Anything you sell or produce for sale is considered a product. But how can you make sure your product is a success?
A starting place. First, start with understanding the realm of possibilities: all successful new products are made better, faster, cheaper, or solve a novel problem. Anything that is produced is a product, and that includes all goods and services, so let’s put aside any semantics here and look at what matters the most. If your product is better than the competition, then you should just need to explain that to your potential customers to make a sale. The same is true if you can deliver the solution faster – such as flying versus driving across the country. And who can argue with a cheaper solution? Lastly, there’s the solution to a novel problem, such as how to stay in better contact with your old school friends and co-workers (i.e. Facebook® and LinkedIn®).
The core of productization. The trick, however, can be in finding a way to turn your idea into a product. Any easy way to approach productization is to look to other products to see how the solution your product provides might be better, faster, or cheaper. For example, with the relatively unstable price of oil lately, it might seem amazing that gasoline-powered cars are still being made. Auto manufacturers find ways to keep reminding the public that 1) gas stations are everywhere, electric charging stations are not, 2) most auto technicians are familiar with combustion engines, and so repairs should be faster, and 3) gasoline-powered cars have been in production for a while, and so they cost less. Better, faster cheaper… and when you add a few new features like Bluetooth® stereo and backup cameras, an old idea can be made new enough to keep selling.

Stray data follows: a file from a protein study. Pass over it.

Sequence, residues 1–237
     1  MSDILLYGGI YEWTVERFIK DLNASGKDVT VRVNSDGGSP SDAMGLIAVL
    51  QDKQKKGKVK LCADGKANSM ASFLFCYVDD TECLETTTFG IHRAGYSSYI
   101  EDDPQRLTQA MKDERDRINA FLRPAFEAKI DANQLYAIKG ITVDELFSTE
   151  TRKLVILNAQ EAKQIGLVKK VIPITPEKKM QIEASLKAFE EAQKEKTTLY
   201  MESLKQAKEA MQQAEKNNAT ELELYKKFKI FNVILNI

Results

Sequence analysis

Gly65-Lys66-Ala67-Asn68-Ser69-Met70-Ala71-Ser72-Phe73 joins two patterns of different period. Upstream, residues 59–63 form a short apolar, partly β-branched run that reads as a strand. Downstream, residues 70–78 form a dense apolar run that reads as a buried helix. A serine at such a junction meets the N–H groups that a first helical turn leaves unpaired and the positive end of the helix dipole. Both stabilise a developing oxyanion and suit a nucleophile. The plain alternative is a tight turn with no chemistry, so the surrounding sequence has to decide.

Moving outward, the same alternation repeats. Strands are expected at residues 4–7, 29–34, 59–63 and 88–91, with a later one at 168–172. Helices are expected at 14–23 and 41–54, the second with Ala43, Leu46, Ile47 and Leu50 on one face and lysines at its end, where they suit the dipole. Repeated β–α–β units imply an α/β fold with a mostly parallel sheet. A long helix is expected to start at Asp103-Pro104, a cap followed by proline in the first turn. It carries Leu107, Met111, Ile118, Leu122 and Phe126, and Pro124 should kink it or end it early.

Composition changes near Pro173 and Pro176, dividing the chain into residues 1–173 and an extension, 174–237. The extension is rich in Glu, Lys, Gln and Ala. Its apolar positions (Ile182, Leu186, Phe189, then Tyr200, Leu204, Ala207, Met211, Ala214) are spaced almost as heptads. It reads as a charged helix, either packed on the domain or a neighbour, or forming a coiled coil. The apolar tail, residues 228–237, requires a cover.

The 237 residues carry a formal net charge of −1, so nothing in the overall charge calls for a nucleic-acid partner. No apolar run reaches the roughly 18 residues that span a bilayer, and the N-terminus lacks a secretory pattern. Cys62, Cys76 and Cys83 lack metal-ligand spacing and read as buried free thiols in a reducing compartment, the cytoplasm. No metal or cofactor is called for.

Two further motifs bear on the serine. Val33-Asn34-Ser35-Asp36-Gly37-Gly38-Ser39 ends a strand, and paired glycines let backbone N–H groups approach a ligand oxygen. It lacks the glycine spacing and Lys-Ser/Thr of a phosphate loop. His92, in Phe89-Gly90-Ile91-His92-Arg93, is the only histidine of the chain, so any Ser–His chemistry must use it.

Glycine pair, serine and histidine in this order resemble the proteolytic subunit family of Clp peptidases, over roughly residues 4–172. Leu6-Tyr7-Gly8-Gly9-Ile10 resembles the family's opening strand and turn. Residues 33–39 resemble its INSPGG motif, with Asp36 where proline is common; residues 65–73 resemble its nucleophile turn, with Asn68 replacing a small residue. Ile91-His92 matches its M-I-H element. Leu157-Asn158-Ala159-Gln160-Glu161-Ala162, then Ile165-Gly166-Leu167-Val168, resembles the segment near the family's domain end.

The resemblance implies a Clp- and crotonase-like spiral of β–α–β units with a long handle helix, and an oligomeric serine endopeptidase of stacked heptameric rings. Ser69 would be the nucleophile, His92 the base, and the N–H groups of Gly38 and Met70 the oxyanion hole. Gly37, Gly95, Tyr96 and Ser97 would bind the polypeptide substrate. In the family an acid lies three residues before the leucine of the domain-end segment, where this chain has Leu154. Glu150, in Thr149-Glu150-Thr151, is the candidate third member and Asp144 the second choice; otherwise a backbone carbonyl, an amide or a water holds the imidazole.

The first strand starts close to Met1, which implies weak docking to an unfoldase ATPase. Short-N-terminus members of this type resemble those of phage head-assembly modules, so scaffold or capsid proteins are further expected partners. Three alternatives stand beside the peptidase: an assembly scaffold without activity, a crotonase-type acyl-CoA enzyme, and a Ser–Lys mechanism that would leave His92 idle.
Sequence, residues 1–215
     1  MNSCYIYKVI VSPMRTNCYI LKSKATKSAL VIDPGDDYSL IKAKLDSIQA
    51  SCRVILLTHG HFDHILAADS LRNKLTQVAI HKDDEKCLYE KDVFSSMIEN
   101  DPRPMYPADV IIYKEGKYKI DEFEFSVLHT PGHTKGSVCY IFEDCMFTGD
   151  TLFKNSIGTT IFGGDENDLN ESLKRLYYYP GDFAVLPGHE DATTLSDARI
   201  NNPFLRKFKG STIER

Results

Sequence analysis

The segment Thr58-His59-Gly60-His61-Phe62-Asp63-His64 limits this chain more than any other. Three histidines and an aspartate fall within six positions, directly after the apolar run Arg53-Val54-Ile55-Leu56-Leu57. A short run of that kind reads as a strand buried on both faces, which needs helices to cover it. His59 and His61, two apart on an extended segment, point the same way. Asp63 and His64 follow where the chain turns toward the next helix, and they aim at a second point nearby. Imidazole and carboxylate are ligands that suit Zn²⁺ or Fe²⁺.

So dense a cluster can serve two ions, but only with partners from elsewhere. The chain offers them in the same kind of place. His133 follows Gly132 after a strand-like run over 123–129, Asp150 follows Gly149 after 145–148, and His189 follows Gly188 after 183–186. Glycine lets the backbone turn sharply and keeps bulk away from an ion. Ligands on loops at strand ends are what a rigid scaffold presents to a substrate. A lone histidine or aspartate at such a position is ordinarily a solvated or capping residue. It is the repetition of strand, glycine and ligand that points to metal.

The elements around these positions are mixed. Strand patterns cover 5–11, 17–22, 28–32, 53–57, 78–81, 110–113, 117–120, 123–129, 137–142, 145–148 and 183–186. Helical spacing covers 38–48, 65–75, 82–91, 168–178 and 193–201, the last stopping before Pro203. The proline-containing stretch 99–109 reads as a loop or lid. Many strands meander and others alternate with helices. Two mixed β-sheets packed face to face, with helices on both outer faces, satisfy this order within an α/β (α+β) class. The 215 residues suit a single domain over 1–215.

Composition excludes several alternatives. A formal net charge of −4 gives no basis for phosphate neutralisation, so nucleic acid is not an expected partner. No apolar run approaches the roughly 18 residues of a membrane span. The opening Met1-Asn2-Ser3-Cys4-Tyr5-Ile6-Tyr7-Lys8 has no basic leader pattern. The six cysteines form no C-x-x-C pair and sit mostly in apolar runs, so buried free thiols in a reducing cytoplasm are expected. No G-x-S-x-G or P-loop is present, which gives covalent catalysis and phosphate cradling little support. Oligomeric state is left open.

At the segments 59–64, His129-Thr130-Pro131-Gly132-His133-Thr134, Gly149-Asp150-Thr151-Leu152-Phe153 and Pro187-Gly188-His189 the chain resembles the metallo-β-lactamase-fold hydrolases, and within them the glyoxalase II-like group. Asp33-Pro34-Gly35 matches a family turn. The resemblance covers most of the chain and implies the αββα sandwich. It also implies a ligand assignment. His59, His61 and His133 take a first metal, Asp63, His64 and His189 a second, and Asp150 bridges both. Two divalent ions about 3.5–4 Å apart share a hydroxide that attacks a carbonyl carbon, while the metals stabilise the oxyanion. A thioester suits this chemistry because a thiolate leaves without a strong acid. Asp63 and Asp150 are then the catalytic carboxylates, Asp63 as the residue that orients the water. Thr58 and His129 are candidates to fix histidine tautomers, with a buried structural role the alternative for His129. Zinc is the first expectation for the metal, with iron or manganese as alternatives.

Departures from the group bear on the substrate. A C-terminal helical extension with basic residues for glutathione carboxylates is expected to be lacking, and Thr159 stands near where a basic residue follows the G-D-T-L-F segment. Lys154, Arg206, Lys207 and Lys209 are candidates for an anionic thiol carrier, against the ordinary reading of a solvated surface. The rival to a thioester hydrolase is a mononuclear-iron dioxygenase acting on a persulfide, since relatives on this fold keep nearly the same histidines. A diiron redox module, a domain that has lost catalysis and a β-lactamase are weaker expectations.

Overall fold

That “new” car might also last longer, be fixed faster, and be more fuel efficient than other gasoline-powered cars, but the important thing is to look at how each of the components that make these features possible are actually sub-products. By focusing on how a small thing can create value by solving a specific problem and capturing that solution, you can turn an idea into a product.
Time for an attorney. Once you think you have a novel product, whether it be a fuel-injection system, a Bluetooth stereo, or something else – it’s time to talk to an attorney! An attorney specializing in intellectual property will be able to advise you on the options that might be available for protecting your invention, which might include patents, copyrights, trademarks, and trade secrets. There are ways to protect your invention without having to hire an attorney to prepare and file any paperwork on your behalf, such as trade secret, which is how the Coca-Cola company protects its namesake recipe – by just not telling anyone!
Creating a competitive advantage. Aside from just pointing out the importance of talking to an attorney about protecting your intellectual property, it’s critical to understand that by being able to make a product that nobody else can make, you’ll have a competitive advantage and more sales. Keep this in mind as you turn your idea into a product: its not just a great idea that generates sales, its a great idea that’s well-commercialized that generates sales. And if your product is too good, then your customers might only buy one time and never return. Protect your intellectual property, but also talk to people to discover how your idea can be made into a product that’s better, faster, cheaper, and solves a novel problem… and keeps people coming back to buy more!